Webmasters Get In-depth Lesson on Fighting CP, Protecting Sites
By Michael Pearson reprinted with permission from AVN
TORONTO - "Are You Protected?" was the theme during a Webmaster Access East workshop on Friday, May 18. Hosted by Tim Henning, compliance director for the Association of Sites Advocating Child Protection, the session instructed delegates on the realities of child porn: What can be done to fight it, and how do webmasters draw the line between such heinous illegal content and legitimate XXX content made by, with, and for adults?
Sponsored by adult companies such as AVN, Playboy, and LiveSex.com, ASACP is an industry-funded, nonprofit organization dedicated to eliminating child porn from the Web. "We do everything we can to show government that we’re an industry that is responsible and self-regulating," said Henning.
To do this, ASACP provides an online hot line for webmasters and surfers to report suspected child pornography. These reports are investigated by ASACP, which identifies the hosting, billing, IP address, ownership, and linkage of suspected child-porn sites. "Red Flag" reports then are sent to government authorities for action. Throughout its 11 years in existence, ASACP has received more than 200,000 "raw" reports of suspected CP sites.
ASACP also provides "best practices" for adult sites and billing companies, to help them deter child pornography, identify suspected child porn operators trying to exploit unwitting legitimate adult sites to distribute child porn, and to label clearly adult sites that have verified their models’ ages—as well as employing the restricted-to-adults label (RTA).
For legitimate adult industry operators, child porn poses two threats: The first is the threat to children in general; the second is from unscrupulous politicians and the religious right, who deliberately link child porn with legal adult content to serve their own political ends. "They like to perceive legal [adult content] and child pornography as two sides of the same coin; where in fact they are very different," warned Henning. "No politician ever got into trouble by bashing porn."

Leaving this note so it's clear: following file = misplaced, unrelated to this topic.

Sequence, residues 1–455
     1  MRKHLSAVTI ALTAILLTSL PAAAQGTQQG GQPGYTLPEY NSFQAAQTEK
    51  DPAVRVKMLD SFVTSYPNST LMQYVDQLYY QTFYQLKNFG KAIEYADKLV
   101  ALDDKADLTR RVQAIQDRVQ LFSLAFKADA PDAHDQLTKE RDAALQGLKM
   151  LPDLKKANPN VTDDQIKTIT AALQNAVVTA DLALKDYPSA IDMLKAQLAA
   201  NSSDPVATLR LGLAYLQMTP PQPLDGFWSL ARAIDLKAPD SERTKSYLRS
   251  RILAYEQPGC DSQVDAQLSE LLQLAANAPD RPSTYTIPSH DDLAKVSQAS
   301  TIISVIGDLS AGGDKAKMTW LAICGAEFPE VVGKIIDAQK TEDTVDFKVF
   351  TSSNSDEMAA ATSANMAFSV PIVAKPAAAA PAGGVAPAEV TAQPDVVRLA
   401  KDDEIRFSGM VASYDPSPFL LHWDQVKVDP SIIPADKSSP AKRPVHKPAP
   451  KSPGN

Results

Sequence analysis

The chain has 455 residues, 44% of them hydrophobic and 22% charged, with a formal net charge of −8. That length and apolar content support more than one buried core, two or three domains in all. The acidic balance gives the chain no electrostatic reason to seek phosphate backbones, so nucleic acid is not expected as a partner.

"The real child-porn operators specialize in really heinous sexual abuse of children and toddlers," Henning said. "These images cannot be confused with legitimate adult images." Nevertheless, unless the adult industry steps up to fight child porn and prevent access by underage surfers to adults-only content, the right wing’s threat to the industry will continue, he said. This is why the ASACP has come up with the widely endorsed RTA Label. Posting the RTA Label on adult sites makes it clear to surfers and ISPs that the site contains adult content. ASACP also supports the Internet Content Rating Association system, which details the specific content of adult sites.
For the adult industry to protect itself, it must fight child porn publicly and actively, Henning explained. Anything less, and public confusion between child porn and legitimate adult content—and the ongoing public backlash—will continue. Judging by the rapt attention of the full house audience, webmasters were listening.